With deft, lucid prose Brownstein proves herself as formidable on the page as on the stage. Accessibly raw , honest and heartfelt, this book captures the experience of being a young woman, a born performer and an outsider, and ultimately finding one’s true calling through hard work, courage and the intoxicating power of rock and roll.

Sleater-Kinney, No Cities to Love
The trio still snap and crackle on their first set since 2005. No Cities might sound chaotic at first, but each element Corin Tucker’s sweet snarl, Janet Weiss’ rugged beats, Carrie Brownstein’s noisy solos—is exactly in its right place. Of course Sleater-Kinney was going to reunite—everybody reunites these days—but
Carrie Brownstein, Corin Tucker and Janet Weiss were stealthy about it: the trio didn’t let slip that they had been working on their first album in 10 years until it was already finished.

And what an album! The interplay between Brownstein and Tucker has rarely been tighter or more ferocious, their voices and guitars twisting, turning and intertwining over explosive drumming from Weiss on songs that are as tuneful as they are hard-hitting. Sleater-Kinney had built an enviable catalog before dissolving in 2006; No Cities to Love is a staggering return that ranks among their best work.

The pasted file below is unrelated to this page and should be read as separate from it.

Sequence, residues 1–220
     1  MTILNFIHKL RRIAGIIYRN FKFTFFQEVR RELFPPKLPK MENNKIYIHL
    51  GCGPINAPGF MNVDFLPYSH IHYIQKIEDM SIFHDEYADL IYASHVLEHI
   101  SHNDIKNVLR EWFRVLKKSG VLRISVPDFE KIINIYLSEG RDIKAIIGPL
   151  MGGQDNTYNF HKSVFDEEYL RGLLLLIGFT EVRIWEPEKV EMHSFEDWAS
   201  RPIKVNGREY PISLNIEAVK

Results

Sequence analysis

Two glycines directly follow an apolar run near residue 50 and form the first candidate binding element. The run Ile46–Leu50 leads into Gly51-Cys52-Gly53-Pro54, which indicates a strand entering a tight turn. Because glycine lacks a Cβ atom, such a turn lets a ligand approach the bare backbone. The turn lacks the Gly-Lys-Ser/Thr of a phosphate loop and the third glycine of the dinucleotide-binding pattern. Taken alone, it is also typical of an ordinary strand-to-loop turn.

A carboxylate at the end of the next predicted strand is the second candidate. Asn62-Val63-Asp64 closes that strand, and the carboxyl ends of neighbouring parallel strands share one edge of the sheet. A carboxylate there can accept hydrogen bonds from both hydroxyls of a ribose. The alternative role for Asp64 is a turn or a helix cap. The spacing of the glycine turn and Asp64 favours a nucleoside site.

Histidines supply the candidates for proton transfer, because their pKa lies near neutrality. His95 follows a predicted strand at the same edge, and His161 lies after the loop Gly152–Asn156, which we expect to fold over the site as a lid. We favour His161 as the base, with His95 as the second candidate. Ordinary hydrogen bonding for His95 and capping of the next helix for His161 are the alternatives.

Sleater-Kinney perform No Cities To Love from their 2015 album of the same name on Sound Opinions.

Sleater-Kinney perform Get Up from their 1999 album The Hot Rock on Sound Opinions.

Sleater-Kinney perform Price Tag from their 2015 album No Cities To Love on Sound Opinions in Chicago.

Carrie Brownstein, Corrin Tucker and Janet Weiss of Sleater-Kinney had released their most critically lauded album to date, The Woods, in 2005 when they decided to put the band on indefinite “hiatus.”Now, 10 years later, they have returned with a critically acclaimed new album, “No Cities to Love”, and sold out shows across the United States. Greg sat down with Carrie, Corin and Janet earlier this year and talked about the Riotgrrl origins of the band, why exactly they decided to go on hiatus and why it was important to them to make such a high energy new album. Greg and Carrie Brownstein also talked about her new found fame as 1/2 of the comedic duo with Fred Armisen in Portlandia.